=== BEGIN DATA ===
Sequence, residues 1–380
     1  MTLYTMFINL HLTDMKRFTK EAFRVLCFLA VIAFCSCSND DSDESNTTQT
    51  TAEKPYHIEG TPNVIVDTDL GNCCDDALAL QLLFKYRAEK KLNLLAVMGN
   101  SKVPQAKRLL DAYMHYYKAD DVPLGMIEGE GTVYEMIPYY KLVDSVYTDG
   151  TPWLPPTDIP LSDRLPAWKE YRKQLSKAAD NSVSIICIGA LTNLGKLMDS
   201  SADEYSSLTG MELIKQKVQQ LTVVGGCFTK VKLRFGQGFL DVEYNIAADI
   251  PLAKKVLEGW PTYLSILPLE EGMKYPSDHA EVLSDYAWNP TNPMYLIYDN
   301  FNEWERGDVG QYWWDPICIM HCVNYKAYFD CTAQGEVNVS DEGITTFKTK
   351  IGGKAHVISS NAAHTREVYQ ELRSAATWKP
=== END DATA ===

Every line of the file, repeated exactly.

Sequence, residues 1–380
     1  MTLYTMFINL HLTDMKRFTK EAFRVLCFLA VIAFCSCSND DSDESNTTQT
    51  TAEKPYHIEG TPNVIVDTDL GNCCDDALAL QLLFKYRAEK KLNLLAVMGN
   101  SKVPQAKRLL DAYMHYYKAD DVPLGMIEGE GTVYEMIPYY KLVDSVYTDG
   151  TPWLPPTDIP LSDRLPAWKE YRKQLSKAAD NSVSIICIGA LTNLGKLMDS
   201  SADEYSSLTG MELIKQKVQQ LTVVGGCFTK VKLRFGQGFL DVEYNIAADI
   251  PLAKKVLEGW PTYLSILPLE EGMKYPSDHA EVLSDYAWNP TNPMYLIYDN
   301  FNEWERGDVG QYWWDPICIM HCVNYKAYFD CTAQGEVNVS DEGITTFKTK
   351  IGGKAHVISS NAAHTREVYQ ELRSAATWKP